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Head lice

Did you know?

Preschool and elementary-age children and their families most often get head lice.

Head lice are small insects that live on people's heads.

Lice are found on the scalp behind the ears near the neckline at the back of the neck. They are rarely found on the body, eyelashes or eyebrows.

Head lice are most common among children ages 3 to 10 and their families. Girls and women get head lice more often than boys and men. In the U.S., blacks rarely get head lice.

If your child has lice, it does not mean that she, your family or your house is unclean.

Lice hold onto the hair with hook-like claws that are at the end of each of their six legs. Head lice are spread by:

  • having contact with an infected person during play or sports
  • wearing infested hats, scarves, hair accessories, coats or clothing
  • using infested hairbrushes, combs or towels
  • lying on a bed, couch, pillow, carpet or stuffed animal that has recently been used by an infested person.

Symptoms of head lice are:

  • tickling feeling or something moving in the hair
  • itching (an allergic reaction to the lice bites)
  • irritability
  • sores on the scalp caused by scratching.

How to identify head lice

Did you know?

Up to 40 percent (nearly half) of head lice do not respond to over-the-counter treatment.

Call your health care provider to make an appointment if you:

  • think your child has lice but you can’t see any
  • treated your child according to the directions with an over-the-counter product two times and it didn’t work

There are three forms of head lice:

  • nits (lice eggs): Nits are hard to see and are often confused for dandruff or hair spray droplets. They are oval and usually yellow or white. They take about seven days to hatch.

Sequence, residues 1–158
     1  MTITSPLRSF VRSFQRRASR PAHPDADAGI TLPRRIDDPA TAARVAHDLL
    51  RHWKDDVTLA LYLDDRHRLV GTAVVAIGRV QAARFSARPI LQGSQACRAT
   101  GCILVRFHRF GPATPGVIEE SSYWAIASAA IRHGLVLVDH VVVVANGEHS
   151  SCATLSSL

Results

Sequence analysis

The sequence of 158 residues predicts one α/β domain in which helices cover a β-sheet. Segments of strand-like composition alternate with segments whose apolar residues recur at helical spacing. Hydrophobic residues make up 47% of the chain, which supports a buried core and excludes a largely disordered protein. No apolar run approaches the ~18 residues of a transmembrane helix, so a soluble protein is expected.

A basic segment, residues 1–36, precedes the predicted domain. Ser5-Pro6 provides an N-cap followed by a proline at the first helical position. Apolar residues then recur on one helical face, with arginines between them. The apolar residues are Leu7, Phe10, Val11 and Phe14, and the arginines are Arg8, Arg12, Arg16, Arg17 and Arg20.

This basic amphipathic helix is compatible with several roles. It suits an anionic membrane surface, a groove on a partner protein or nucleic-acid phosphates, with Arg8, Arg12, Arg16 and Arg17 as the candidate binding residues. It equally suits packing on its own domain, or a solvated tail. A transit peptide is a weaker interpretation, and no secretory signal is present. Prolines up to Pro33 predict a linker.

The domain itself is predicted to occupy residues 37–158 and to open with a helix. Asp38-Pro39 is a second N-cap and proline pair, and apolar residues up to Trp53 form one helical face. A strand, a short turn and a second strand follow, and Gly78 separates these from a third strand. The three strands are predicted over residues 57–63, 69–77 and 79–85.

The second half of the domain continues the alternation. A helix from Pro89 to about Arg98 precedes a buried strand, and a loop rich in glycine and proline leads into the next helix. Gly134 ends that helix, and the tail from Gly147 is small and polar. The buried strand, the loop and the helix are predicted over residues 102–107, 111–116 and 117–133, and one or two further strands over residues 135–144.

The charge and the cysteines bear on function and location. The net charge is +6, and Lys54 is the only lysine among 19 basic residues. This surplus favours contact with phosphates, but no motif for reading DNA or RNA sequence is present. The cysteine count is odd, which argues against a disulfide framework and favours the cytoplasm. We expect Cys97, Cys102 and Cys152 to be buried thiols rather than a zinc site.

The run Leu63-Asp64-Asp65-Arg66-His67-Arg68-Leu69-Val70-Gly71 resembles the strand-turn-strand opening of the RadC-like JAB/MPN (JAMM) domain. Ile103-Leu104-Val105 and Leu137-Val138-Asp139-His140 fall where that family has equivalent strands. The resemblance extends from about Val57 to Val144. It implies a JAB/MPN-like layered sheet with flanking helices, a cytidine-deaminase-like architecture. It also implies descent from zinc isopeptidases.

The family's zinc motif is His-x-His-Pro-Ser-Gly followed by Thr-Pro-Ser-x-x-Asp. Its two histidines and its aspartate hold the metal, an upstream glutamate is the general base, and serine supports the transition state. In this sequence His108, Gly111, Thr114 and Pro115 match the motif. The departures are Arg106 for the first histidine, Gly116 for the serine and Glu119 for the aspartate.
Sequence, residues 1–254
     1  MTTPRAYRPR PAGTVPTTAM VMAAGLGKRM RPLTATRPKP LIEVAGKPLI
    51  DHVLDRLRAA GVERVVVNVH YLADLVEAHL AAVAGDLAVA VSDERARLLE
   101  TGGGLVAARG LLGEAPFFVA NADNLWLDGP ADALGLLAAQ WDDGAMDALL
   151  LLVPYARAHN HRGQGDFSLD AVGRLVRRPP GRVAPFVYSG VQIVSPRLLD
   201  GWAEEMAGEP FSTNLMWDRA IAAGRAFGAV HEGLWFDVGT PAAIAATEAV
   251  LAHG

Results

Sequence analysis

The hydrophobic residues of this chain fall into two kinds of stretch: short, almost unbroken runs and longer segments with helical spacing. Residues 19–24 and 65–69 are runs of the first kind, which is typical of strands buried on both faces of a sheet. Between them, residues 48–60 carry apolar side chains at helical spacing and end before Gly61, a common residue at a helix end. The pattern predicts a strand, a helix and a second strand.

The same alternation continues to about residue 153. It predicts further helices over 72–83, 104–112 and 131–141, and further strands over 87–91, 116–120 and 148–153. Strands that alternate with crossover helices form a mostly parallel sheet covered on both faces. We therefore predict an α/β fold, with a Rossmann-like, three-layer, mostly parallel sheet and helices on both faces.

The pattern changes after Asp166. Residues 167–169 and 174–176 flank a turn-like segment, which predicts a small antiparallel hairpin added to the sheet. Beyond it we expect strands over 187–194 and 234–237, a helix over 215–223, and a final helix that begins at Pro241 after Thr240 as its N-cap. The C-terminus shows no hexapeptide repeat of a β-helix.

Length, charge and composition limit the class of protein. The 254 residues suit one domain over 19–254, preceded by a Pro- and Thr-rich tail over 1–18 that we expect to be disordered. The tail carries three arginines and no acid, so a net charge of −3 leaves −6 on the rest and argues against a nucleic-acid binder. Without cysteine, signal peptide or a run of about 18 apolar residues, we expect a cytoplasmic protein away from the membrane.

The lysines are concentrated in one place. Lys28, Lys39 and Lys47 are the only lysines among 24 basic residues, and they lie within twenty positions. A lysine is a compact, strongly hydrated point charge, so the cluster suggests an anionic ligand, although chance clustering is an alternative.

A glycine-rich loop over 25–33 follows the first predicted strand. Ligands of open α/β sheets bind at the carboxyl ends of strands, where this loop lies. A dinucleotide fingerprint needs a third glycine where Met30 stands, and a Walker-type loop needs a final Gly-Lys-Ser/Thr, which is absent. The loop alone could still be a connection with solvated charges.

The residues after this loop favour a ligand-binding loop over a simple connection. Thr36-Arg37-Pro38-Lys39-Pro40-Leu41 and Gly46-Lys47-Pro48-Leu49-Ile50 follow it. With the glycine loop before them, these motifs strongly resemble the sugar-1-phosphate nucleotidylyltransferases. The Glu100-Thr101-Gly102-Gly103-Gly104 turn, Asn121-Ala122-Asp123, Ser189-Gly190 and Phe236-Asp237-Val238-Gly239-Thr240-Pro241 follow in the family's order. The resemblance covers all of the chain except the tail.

• nymph (baby lice): Nymphs become adults about seven days after hatching. They need blood to live.
  • adults (lice): Adult lice are the size of a sesame seed. They each have has six legs and are tan to grayish-white. Adult lice need blood to live and they can live up to 30 days on your child's head. They die within two days of falling off your child.

You can find head lice by looking at your child's scalp. It can be difficult to find a nymph or adult louse. If you do not see crawling lice, look for nits within one-quarter inch of the scalp.

What to do if your child gets lice

  • Use an over-the-counter lice product (such as Nix®). You may need to use more than one application. Follow package directions.
  • Wash all clothing, bedding, towels, coats, hair accessories, combs, brushes or anything else used by your child and your family.
  • Clean your house well, including vacuuming your furniture.
  • Use a nit comb to remove nits attached to the hair.

How to prevent lice

Teach your child not to:

  • share clothing, hats, scarves, coats, sports uniforms, hairbrushes, combs or hair accessories
  • have head-to-head contact at school, day care and at home
  • lie on beds, couches, pillows, carpets or stuffed animals that have recently been in contact with an infested person
  • have physical contact with someone who has lice

 

Source: Allina Health's Patient Education Department, Guide for the Care of Children: Ages Birth to 5 Years Old, fifth edition

To avoid awkward sentences, instead of referring to your child as "he/she" or "him/her," this guide will alternate between "he" or she" and "him" or "her."

First published: 02/01/2010
Last updated: 01/01/2014

Reviewed by: Allina Health's Patient Education Department experts, including the Pediatric Department of Allina Health Coon Rapids Clinic